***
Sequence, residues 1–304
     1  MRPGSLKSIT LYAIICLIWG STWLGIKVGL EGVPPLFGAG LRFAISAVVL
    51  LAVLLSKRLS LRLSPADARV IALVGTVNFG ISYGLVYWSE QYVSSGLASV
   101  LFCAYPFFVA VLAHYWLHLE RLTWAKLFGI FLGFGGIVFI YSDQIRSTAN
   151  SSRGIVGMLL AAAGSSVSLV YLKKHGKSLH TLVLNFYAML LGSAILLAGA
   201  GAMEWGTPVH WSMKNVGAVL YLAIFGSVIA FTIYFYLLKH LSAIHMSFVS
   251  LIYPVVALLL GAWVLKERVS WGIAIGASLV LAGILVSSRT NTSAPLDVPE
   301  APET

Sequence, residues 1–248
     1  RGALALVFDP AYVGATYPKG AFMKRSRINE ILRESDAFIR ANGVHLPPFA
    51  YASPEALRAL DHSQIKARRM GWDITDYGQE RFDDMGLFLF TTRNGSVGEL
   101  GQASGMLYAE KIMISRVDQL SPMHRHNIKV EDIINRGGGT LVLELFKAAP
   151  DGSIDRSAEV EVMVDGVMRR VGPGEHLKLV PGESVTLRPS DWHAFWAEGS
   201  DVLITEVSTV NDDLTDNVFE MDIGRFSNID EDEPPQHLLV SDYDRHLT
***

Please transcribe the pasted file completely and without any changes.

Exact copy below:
Sequence, residues 1–304
     1  MRPGSLKSIT LYAIICLIWG STWLGIKVGL EGVPPLFGAG LRFAISAVVL
    51  LAVLLSKRLS LRLSPADARV IALVGTVNFG ISYGLVYWSE QYVSSGLASV
   101  LFCAYPFFVA VLAHYWLHLE RLTWAKLFGI FLGFGGIVFI YSDQIRSTAN
   151  SSRGIVGMLL AAAGSSVSLV YLKKHGKSLH TLVLNFYAML LGSAILLAGA
   201  GAMEWGTPVH WSMKNVGAVL YLAIFGSVIA FTIYFYLLKH LSAIHMSFVS
   251  LIYPVVALLL GAWVLKERVS WGIAIGASLV LAGILVSSRT NTSAPLDVPE
   301  APET

Sequence, residues 1–248
     1  RGALALVFDP AYVGATYPKG AFMKRSRINE ILRESDAFIR ANGVHLPPFA
    51  YASPEALRAL DHSQIKARRM GWDITDYGQE RFDDMGLFLF TTRNGSVGEL
   101  GQASGMLYAE KIMISRVDQL SPMHRHNIKV EDIINRGGGT LVLELFKAAP
   151  DGSIDRSAEV EVMVDGVMRR VGPGEHLKLV PGESVTLRPS DWHAFWAEGS
   201  DVLITEVSTV NDDLTDNVFE MDIGRFSNID EDEPPQHLLV SDYDRHLT